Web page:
HIV & AIDS in the United States Update: Dear Colleague Letter

Today’s young people have never known a world without HIV. On April 10, National Youth HIV & AIDS Awareness Day (NYHAAD) provides an opportunity to educate the public about the impact of HIV/AIDS on young people and to highlight the valuable work performed across the country in response to ending the HIV epidemic.


While most youth are thriving, we continue to see concerning behaviors and experiencesamong youth that put them at risk for HIV. Too many high school students are reporting sexual risk behaviors, high-risk substance use, violence victimization, and poor mental health. For instance, condom use among sexually active students decreased from 62% in 2007 to 54% in 2017, according to CDC’s Youth Risk Behavior Survey, presenting a serious health risk for HIV and STDs.  With 1 in 5 new HIV diagnoses reported in young people aged 13-24 years and testing rates remaining low at only 9% among U.S. high school students who have ever been tested for HIV, education and public health professionals must work together to protect adolescents from getting infected with HIV.  Using today’s powerful tools, we know how to protect youth, prevent HIV infection, and help young people with HIV stay healthy.


We can end the HIV epidemic by working together.  Partnerships between HHS agencies, state and local officials, public-private collaborations, and community and faith-based partners are essential. Education agencies are another important partner in ending the HIV epidemic in the next 10 years and achieving an HIV-free generation. Schools play a critical role in educating youth about the prevention of HIV infection. Every day, more than 56 million students spend their day in school, which provides a unique opportunity to provide them with the knowledge, skills, and resources they need to prevent HIV infection during adolescence and into adulthood. CDC’s work in adolescent and school health reaches approximately 2 million students by funding education agencies and a network of leaders in school-based HIV, STD, and pregnancy prevention. CDC and its partners are taking action to end HIV on multiple levels, including funding, implementing, and evaluating programs and approaches that increase student access to quality health education, connect them to needed health services, and create environments that support students and help them feel safe and connected to school. These efforts are proven effective in reducing risk for HIV among youth.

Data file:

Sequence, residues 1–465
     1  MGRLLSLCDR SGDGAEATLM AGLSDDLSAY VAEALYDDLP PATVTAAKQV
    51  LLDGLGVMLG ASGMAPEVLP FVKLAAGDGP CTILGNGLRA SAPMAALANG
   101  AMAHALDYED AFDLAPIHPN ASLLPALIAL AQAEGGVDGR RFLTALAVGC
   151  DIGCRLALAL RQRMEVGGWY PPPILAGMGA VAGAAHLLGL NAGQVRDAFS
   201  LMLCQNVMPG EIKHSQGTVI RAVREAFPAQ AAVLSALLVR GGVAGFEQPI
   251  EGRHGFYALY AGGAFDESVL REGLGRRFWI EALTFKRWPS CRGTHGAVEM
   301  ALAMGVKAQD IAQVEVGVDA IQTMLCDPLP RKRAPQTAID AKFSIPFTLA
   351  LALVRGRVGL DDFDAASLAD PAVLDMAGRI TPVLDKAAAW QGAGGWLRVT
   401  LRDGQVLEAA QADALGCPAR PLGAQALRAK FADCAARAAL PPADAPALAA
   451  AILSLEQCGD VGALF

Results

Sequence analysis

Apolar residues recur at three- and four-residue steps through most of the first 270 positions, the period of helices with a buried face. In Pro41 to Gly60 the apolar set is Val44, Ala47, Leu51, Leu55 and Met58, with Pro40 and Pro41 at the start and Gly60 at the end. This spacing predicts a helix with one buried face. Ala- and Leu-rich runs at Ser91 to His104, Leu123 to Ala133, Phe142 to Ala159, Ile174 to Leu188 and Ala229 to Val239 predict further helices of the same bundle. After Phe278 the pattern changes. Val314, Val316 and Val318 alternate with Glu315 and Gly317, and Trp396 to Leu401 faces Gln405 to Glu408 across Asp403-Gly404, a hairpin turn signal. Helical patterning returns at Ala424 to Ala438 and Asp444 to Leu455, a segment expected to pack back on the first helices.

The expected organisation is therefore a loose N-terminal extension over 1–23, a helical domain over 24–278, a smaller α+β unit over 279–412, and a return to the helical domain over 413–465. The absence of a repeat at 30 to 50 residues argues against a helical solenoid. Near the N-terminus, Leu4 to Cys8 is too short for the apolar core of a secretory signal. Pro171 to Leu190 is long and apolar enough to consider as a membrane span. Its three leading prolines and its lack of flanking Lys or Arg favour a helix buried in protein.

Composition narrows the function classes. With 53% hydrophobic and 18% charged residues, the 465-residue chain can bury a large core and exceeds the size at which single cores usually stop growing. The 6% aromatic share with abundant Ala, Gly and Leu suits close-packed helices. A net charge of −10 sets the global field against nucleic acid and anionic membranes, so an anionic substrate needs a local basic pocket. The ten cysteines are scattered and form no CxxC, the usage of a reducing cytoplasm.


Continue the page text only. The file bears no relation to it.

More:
We can do this, but we need your help.  All youth deserve a healthy future. Schools, families, and communities must continue working together to provide safe and nurturing environments for every new generation. On NYHAAD, CDC joins with our partners across the country to ensure youth are protected from HIV infection. By ensuring that school environments are places where youth can gain the knowledge, skills, and resources they need, we can make a difference and help end the HIV epidemic.


Kathleen A. Ethier, PhD


Division of Adolescent and School Health

National Center for HIV/AIDS, Viral Hepatitis, STD and TB Prevention

Centers for Disease Control and Prevention


Jonathan H. Mermin, MD, MPH

Rear Admiral and Assistant Surgeon General, USPHS


National Center for HIV/AIDS, Viral Hepatitis, STD, and TB Prevention

Centers for Disease Control and Prevention